Arctic Monkeys
Old Trafford Cricket Ground, Manchester.
Saturday 28th July.
Live Review

Arctic Monkeys

From the Ritz to the rubble indeed, it's been one hell of a journey for the Arctic Monkeys these past two years. Still unsigned back then, but with a plethora of A&R men chasing and a burgeoning following courtesy of a new internet cult known as MySpace, their story is something only the wildest dreams are made of, culminating in a headline slot at Glastonbury last month and their own two-day stadium event here.

Unfortunately, despite the protestations of many of their songs, it seems the scummy men and women they write about have followed them up the M62, as the ungainly sight of numerous girls hitching their pants down to take a leak in the middle of the field whilst watching the main stage, or lads who think it graceful to urinate into plastic pint pots while some of us would rather enjoy the music isn't quite what the civilised among us bargained for. Although maybe the fact there seems to be one available toilet block for near on 28000 punters has something to do with it, while word that the queues for liquid refreshments are anything up to 90 minutes long perhaps offers some explanation as to why antagonism is in the air today.

Which is a sad state of affairs considering the headline act's spurious sense of humour. Not just content with dressing like extras from Chipperfields circus in their last promo video, they've also enlisted the services of a Japanese Beatles tribute band to open today's show. Being the professionals we aren't, we're still outside trying to find an entrance that isn't swarmed by fat men in Hackett shirts chanting "Yorkshire", so unfortunately we miss them.
Maybe next time, eh, or maybe not.

Next up is Amy Winehouse, someone who is fast becoming this year's Pete Doherty in the sense that her media persona is more famous for what she doesn't do than any of her musical output. Well, seriously folks, can you honestly name more than two of her songs? Exactly, but to be fair she does an ample job of keeping the Neanderthals at bay, even if you do get the remote feeling she doesn't quite understand what she's doing here.

Thank God for The Coral then, perhaps the first genuinely exciting act of the day, and a band who at least deserve to be here on musical merit rather than media attention. James Skelly looks a few pounds heavier than the last time we saw him, and despite a nervous start, the likes of 'Goodbye' and 'Pass It On' sound instinctively right for a mid-afternoon jig in the sun. Of course the time to really judge the impact of their new material will be on their forthcoming tour in the autumn, but for now this is a sprightly taster.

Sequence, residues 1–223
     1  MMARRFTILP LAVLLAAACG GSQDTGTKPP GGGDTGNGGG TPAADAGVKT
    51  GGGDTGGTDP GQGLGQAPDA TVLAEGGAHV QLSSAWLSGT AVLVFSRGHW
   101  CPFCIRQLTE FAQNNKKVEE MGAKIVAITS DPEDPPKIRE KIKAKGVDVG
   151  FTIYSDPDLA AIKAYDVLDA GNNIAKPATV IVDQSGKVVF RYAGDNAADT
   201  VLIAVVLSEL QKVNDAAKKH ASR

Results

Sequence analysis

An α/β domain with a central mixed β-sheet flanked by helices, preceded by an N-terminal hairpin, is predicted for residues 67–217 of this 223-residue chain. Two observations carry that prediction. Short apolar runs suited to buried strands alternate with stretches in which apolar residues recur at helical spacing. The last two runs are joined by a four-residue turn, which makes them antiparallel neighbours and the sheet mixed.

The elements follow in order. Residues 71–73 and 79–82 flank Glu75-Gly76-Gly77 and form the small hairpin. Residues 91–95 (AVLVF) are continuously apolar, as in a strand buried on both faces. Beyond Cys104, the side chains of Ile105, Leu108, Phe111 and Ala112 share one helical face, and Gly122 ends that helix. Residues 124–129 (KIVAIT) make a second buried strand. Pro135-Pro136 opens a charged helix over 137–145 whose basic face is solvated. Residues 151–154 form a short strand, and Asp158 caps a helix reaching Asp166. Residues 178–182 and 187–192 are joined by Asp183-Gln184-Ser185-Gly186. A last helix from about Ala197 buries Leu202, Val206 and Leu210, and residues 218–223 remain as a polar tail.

Having been around for years, there isn't an awful lot you can say about Supergrass that hasn't been said before, although as one wag put it, "What the hell are they doing on the bill?" is as good a start as any. Hardly current or cutting edge for the heavy bass and beat laden soundtrack of 2007, although to be fair, with a back catalogue like they have, do they really need to be? In a nutshell, no - 'Strange Ones', sounding as fresh and timeless as ever, proves that - but by the same token trying out new material to an audience of this mentality doesn't exactly please the masses either and where they could have had the crowd eating out of the palms of their hands and played a full-on greatest hits set, a chorus of "mehs" break out around the dishevelled cricket pitch instead.

So onto the main course, and with a full scale riot having broke out in one of the beer tents earlier, the only way to appease the tension is for the Arctic Monkeys to go straight for the jugular, which they do with the opening trio of 'Fluorescent Adolescent', 'I Bet You Look Good On The Dancefloor' and 'Brianstorm'. Sadly, no one bothered to tell the soundman of the consequences of stemming the flow, as by the sixth song in the set ('Balaclava'), an unnerving din of silence emerged from the stage, much to the displeasure of the already disgruntled minions as technicians hurried backwards and forwards, one almost tripping over Jamie Cook's guitar lead, to fix the problem.

By the time normal service had resumed, several had already chosen to leave before the lights went out again, and what should have marked a triumphant stage in the Arctic Monkeys rapid ascendance ended up shrouded in chaos.

At the end of the day, a lot of the blame has to lie with the organisation, or lack of it, because for a venue that has regularly held major events for decades now, today just wasn't cricket.

Dom Gourlay

Site -